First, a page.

The Queen Anne Historical Society strives to preserve the neighborhood’s historical integrity, from participating in the city’s landmarking processes to compiling written and oral histories.

Queen Anne Historical Society board member Leanne Olson said the organization’s role in preserving Queen Anne landmarks is essential.

“If you don’t have someone out for the history that’s there, it’s stopping, you know, just gets wiped clean,” Olson said. “I think it’s been true probably since 1852, in some respects, that it’s a clear-cut city. There’s no depth, no layers. We’re not opposed to new development. We welcome it. But for a city to have, you know, soul or authenticity, I think you need the layers of history. So you need the old and the new.”

Olson said there are currently more than 40 city landmarks in Queen Anne. The historical society defines the Queen Anne neighborhood as spanning from Lake Union to Elliott Avenue and from Denny Way to the Ship Canal.

QAHS president Michael Herschensohn said that he attends every meeting of the Seattle Landmarks Preservation Board that deals with with Queen Anne buildings to testify for landmarks, along with Olson and a few other members of the organization’s board of directors.

“So, right now we’re working on the nomination of the Swedish Club, which is a modern building built in 1962,” Herschensohn said. “So, we’ve been working for some time on nominating modern buildings... So now we’re working in concert with a number of different people to get the Swedish Club designated as a landmark. And the nomination has just been submitted to the staff, the landmarks preservation board.”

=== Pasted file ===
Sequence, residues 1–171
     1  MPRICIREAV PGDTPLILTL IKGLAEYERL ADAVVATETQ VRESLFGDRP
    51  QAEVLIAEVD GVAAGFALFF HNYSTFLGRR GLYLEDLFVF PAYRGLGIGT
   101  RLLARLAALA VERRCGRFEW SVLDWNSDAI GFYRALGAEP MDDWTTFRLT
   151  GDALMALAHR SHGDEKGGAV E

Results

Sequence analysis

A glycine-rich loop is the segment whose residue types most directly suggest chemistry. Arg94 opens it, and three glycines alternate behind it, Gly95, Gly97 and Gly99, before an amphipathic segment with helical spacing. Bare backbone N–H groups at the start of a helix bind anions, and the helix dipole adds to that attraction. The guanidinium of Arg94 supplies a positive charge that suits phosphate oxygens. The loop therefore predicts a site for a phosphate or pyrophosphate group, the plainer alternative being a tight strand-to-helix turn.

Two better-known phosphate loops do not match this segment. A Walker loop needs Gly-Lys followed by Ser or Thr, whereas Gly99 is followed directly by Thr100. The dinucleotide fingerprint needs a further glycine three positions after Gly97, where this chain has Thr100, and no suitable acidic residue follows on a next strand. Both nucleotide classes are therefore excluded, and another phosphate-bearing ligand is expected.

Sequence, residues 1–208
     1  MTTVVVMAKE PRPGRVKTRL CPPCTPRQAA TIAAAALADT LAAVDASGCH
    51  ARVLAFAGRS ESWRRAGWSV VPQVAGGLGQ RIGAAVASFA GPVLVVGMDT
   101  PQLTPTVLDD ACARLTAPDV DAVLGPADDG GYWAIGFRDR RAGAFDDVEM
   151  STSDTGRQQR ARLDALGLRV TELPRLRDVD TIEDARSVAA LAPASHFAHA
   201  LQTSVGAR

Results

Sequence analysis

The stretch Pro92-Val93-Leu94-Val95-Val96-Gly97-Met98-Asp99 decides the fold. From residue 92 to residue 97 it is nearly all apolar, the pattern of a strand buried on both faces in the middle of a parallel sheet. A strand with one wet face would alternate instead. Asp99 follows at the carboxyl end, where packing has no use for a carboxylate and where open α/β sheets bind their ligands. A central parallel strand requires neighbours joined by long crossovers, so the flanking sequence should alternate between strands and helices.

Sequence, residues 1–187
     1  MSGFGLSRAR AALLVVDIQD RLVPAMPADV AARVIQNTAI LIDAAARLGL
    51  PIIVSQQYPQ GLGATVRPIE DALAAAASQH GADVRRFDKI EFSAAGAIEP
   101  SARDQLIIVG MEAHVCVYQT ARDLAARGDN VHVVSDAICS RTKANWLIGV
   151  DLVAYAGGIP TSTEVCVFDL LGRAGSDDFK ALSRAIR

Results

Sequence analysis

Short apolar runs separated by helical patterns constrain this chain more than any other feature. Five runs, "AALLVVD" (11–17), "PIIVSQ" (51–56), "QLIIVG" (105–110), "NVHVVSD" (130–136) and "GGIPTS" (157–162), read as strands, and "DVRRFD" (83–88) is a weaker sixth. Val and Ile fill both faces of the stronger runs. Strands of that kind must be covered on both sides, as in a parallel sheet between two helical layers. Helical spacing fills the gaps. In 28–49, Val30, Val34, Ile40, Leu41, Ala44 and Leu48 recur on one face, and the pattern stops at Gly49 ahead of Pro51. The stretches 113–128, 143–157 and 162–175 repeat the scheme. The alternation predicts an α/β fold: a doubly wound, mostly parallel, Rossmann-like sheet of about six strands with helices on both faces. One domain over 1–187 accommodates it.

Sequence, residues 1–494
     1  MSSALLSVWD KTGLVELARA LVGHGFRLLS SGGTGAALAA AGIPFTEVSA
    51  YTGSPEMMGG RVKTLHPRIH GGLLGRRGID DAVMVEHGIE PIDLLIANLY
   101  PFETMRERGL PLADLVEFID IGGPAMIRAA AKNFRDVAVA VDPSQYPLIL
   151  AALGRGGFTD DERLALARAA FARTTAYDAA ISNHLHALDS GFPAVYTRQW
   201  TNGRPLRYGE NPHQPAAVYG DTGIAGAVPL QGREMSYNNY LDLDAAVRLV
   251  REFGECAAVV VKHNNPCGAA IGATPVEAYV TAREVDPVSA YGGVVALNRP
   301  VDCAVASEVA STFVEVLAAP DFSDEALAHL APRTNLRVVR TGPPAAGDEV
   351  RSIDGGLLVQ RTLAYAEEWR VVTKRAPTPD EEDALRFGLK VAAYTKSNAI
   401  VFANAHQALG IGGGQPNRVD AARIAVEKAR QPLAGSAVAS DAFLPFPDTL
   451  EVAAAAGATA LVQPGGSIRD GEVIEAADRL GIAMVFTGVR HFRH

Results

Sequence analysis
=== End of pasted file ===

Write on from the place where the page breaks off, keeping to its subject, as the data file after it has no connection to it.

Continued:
A major win for the society was the preservation of 57 Roy Street — the former Power Control Center — which is now used for a men’s shelter near Metropolitan Market, Herschensohn said.

QAHS also works to preserve the character of existing landmarks when they’re slated for redevelopment.

“We try to monitor buildings that are already landmarked, because the rules are you need to get a certificate of approval [from the city] for alterations, sometimes even for painting,” Olson said. “But not everything; it’s just certain features. So, for example, as of late, it’s unusual to designate interiors. But usually exteriors and grounds are designated.”

QAHS has amassed quite a collection of two-dimensional history, sending digitized paper articles, historical documents, photographs, memoirs and family stories — along with the originals — to Seattle Pacific University for its archives. All of the historical society’s photographs are available in galleries at

Historical objects get sent to the Museum of History and Industry and similar organizations.

“The people who founded the Queen Anne Historical Society… realized that having a museum would mean huge costs, constant fundraising and eventually hiring staff,” Herschensohn said. “So they made a point of not collecting three-dimensional objects.”

The society has also digitized many oral histories.

Since the early ‘70s, QAHS has always had a trained archivist to ensure the quality of the organization’s work.

Like the digitization of its archives, the Queen Anne Historical Society has embarked on large projects — one of them being the publication of the book, “Queen Anne: Community on the Hill,” which did well enough to receive a second printing.

Herschensohn said the organization also offers tours of historic places, such as Mount Pleasant Cemetery, and hosts public programs; find upcoming events on the website.

King County’s 4Culture supports QAHS to the tune of $5,000 every two years, Herschensohn said. The nonprofit raises money, primarily through the hotel/motel tax, and redistributes it among cultural projects and organizations. Membership dues and sales also become revenue for the society’s operational costs.

Queen Anne Historical Society has a permanent home in Queen Anne United Methodist Church, and can be contacted by email at or at P.O. Box 19432, Seattle, WA 98109. The society is currently seeking interested young people for membership, so its dues are waived for students ages 18-21.